Free Fringe – don’t miss ‘Fabulous Abs’ or Adam Crow

There is still a week to catch these two stand-up comedy shows at Edinburgh Fringe which will leave a big grin on your face:Fabulous Abs by New York’s Abigoliah Schamaun andAshton Kutcher’s Dead Girlfriends by Adam Ethan Crow.

Abigoliah let me photograph her in front of the listings board and also during the show.

To be expected from both shows: strong language, political incorrectness, inconspicuously clever ideas sneaked in with the humour.

They are free but the warm contentedness you will feel at the end will make you want to be generous.

Free Fringe – don’t miss Alex Hynes

The last week of Edinburgh Fringe and so much choice. There are some performances you shouldn’t miss, like the one of acoustic singer Alex Hynes. He has talent, a strong voice and knows how to play his guitar well.

His music can be enjoyed from 4-6 p.m. at the Whiski Rooms, the Mound and 9-10 p.m. at the Powderhall Arms in Broughton Road (Edinburgh).

Edinburgh Fringe 2011

As usual, at this time of year, the Royal Mile is full of artists and performers promoting their shows and spectators on the other side. I took my customary festival-time walk with a camera.

Riz Ahmed in Edinburgh

A bit of starlight shone on me yesterday when I met Riz Ahmed, the actor who played Omar in Four Lions, going down the Mound in Edinburgh. I am a big fan of the film and had a chat with Riz, who is here to promote a show by Sabrina Mahfouz called Dry Ice.

Rez Ahmed in Edinburgh (Festival)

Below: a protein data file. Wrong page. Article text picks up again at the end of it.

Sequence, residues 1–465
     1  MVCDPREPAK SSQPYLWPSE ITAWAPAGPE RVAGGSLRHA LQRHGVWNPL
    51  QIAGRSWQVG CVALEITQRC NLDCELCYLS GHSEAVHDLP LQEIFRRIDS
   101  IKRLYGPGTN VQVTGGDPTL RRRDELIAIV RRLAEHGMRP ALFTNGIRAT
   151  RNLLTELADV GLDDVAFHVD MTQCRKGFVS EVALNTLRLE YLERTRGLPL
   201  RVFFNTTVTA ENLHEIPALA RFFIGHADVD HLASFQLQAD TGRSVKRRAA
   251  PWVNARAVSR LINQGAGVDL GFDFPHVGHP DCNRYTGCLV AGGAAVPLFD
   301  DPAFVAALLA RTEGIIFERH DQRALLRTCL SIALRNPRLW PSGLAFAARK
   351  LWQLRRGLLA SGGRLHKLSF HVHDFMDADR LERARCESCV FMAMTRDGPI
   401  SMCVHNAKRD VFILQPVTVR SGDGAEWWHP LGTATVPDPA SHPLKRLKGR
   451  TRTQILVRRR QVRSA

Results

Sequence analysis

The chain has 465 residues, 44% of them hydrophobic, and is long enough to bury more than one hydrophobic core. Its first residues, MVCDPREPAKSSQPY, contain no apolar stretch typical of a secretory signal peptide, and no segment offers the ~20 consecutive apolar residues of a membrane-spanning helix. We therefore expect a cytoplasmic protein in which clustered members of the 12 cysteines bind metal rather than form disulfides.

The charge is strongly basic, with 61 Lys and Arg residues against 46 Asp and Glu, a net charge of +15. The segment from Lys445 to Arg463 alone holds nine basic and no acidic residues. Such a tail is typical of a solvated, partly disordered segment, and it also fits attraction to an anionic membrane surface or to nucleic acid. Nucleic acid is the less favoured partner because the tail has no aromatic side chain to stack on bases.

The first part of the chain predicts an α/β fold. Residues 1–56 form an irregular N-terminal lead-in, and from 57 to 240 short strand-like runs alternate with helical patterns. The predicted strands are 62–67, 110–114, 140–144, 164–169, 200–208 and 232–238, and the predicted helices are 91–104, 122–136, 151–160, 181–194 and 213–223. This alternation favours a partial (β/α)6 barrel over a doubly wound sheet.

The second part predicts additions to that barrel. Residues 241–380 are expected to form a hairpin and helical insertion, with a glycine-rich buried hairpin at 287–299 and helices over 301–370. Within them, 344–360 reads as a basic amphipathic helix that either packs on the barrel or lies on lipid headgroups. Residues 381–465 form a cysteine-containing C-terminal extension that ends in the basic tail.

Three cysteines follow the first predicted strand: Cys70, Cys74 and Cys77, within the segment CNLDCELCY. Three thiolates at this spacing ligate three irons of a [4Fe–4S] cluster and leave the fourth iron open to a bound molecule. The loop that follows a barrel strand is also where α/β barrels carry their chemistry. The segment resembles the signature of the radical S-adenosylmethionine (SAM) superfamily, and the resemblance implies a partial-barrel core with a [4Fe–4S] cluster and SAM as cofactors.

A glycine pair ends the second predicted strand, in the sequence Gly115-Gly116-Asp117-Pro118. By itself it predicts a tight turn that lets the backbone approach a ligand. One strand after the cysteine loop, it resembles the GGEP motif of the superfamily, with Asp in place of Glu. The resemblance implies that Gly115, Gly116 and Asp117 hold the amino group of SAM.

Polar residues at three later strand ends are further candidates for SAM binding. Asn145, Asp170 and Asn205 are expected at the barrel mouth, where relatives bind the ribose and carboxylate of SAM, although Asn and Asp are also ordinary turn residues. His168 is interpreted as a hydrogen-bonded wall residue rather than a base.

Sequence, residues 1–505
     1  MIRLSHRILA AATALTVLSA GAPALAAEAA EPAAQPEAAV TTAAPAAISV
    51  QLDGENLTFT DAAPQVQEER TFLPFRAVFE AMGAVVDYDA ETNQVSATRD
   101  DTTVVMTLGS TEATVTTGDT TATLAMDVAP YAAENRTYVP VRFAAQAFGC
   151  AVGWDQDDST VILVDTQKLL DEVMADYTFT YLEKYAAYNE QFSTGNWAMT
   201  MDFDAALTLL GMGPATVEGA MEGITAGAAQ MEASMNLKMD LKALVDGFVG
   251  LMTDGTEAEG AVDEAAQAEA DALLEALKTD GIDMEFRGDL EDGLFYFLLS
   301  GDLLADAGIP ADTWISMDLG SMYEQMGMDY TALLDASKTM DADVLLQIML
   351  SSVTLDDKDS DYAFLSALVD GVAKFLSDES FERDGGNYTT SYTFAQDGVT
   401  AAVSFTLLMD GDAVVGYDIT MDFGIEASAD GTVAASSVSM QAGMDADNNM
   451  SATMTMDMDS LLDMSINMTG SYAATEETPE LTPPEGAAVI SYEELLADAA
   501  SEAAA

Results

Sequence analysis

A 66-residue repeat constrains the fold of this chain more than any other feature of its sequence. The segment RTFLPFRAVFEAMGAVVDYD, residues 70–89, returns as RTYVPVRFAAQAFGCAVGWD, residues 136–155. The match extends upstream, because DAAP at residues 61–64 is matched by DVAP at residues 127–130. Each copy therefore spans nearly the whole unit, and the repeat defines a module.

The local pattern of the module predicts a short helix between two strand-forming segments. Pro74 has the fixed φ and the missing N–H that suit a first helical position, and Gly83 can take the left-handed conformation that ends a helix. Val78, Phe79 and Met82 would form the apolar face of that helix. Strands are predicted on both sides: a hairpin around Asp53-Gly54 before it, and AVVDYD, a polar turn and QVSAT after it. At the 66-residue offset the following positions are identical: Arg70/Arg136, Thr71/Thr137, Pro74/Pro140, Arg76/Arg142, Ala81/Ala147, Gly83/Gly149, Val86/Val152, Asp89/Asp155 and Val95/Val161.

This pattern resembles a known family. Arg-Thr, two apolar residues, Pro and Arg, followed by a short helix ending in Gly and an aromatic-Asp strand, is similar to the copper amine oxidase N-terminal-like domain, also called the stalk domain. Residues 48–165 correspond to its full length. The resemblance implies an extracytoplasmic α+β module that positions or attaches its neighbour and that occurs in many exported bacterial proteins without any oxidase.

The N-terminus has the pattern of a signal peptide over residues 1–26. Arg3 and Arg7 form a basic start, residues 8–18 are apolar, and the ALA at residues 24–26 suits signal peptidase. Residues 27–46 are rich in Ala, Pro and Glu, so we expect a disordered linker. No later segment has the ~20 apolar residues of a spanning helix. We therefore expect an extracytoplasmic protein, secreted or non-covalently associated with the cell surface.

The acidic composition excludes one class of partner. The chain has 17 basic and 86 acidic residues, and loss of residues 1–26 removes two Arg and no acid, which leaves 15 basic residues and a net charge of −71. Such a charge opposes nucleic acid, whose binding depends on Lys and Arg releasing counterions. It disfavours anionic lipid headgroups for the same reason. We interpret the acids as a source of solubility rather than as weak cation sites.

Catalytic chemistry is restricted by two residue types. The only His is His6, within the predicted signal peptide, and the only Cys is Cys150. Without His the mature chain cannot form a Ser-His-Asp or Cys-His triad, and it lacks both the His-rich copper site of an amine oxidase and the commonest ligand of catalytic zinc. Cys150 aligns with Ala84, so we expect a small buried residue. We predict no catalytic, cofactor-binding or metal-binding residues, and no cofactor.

Hiroshi Sugimoto in Edinburgh

The first European exhibition of the latest works by Hiroshi Sugimoto opened yesterday, 04 Aug 11, at the Scottish Gallery of Modern Art (Modern 2).

As a prologue to the exhibition opening, the artist gave a talk. The lecture theatre was full, not an empty chair to be grabbed.

Sugimoto talked about his work and underlying philosophy. Seascapes are his signature photographs, in black and white translating into a wide range of grays. I loved them, as well as the almost black pine-tree landscapes embracing the spirit of death. He showed pictures of the Izu Photo Museum he designed – ‘easy  to use’, as he said, with regards to lighting and, consequently, viewing experience. The museum’s collection includes pieces of jade from XIII-XV century amongst which, Sugimoto declares, he put two fake ones – to ‘check the quality of the curator’.

Another one of his architectural projects is a Shinto shrine in Japan. There are steps made from optical glass leading from the shrine to an underground chamber, the lower part of them covered by a 24-ton piece of stone. Only light can travel from ‘over’ to ‘under’ by the steps. The chamber can be entered by visitors from the other end, through a 50 cm wide passage. Walking out you see the sea and a straight line of horizon. To me this whole concept is a strangely emotion-arousing combination, minimalistic and romantic. It needs to be admired.

Sugimoto is not just a photographer – he is a sculptor, architect, philosopher; he also restores pieces of art. (He is also friends with Bono.) His talk was bestudded with humour, e.g. slides abruptly changing from photography to architecture to sculpture were usually commented with calm words ‘All of a sudden this is a different sight’. The talk was exatcly 1 hour long.

The artist’s latest proposal is a 100-metre long single line swimming pool going over a little island, its direction aligned with the equator. It is meant to be an extension to the Shinto shrine. Sagimoto admitted, however: ‘I haven’t got approval, yet.’

He was signing his albums after the talk. Sadly, I was not able to afford to buy an album, as the cheapest were being sold at £45. a piece.